Geology Where is quicksand

Physics: Treacherous quicksand

Physicists in the Netherlands investigated the question of whether people can actually drown in the desert sand

The young servant Daud only ventured a few steps up a dune when the soft sand of Sinai suddenly swallowed him - as shown in a scene in the film "Lawrence of Arabia". So far, scientists have dismissed the filmmakers' idea as nonsense: It was said that quicksand could only arise where the subsoil was saturated with water - that is, in no way in deserts. In the moist environment, the grains of sand floated next to each other, their surfaces hardly touched and could not develop any holding forces; the sand is therefore not stable. In the dry sand, on the other hand, the grains formed a dense network - even houses could safely stand on them.

Ball sinks in the sand

Nevertheless, the servant was able to sink into a woe in the desert sand, researchers at the University of Twente in Enschede have now discovered. They pressed air into a vessel filled with sand and thus whirled up the grains. After these had sat down again, the researchers hung a table tennis ball filled with bronze particles directly on the surface. No sooner had they cut the holding thread than the ball sank into the sand within milliseconds - almost like in water.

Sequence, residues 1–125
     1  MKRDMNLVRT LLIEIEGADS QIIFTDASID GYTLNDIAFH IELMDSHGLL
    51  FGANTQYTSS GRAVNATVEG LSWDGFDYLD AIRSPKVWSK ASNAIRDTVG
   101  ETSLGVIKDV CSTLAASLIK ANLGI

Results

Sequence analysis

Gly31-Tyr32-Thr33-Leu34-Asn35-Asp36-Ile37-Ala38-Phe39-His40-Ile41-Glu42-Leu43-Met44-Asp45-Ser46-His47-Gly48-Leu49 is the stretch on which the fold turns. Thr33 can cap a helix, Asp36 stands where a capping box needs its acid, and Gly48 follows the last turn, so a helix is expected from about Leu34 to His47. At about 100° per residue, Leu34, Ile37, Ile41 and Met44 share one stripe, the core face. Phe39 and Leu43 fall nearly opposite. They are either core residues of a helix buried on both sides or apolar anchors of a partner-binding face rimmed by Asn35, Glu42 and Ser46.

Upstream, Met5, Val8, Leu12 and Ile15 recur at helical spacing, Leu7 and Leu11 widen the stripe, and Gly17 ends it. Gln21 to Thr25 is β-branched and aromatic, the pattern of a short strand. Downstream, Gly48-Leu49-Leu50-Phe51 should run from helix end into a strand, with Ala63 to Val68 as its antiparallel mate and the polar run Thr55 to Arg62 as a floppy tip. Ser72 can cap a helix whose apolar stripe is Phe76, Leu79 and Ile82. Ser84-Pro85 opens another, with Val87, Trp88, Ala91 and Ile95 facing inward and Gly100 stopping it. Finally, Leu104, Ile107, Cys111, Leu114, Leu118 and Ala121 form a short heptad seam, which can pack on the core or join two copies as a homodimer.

Shortly afterwards, a fountain of sand shot up, and then a small air bubble escaped. To recover the ball, the researchers had to dig deep: it was 22.4 centimeters deep - more than five times its diameter. The more mass the ball has, the deeper it sinks. The fact that the "dry quicksand" behaves like a liquid is due to its low density. The choppy grains of sand arrange themselves in a particularly "airy" way by being whirled up. Instead of 55 to 60 percent of the volume, the proportion of sand is only 40 percent - the rest is air.

All GEOSKOPE from magazine No. 2/05

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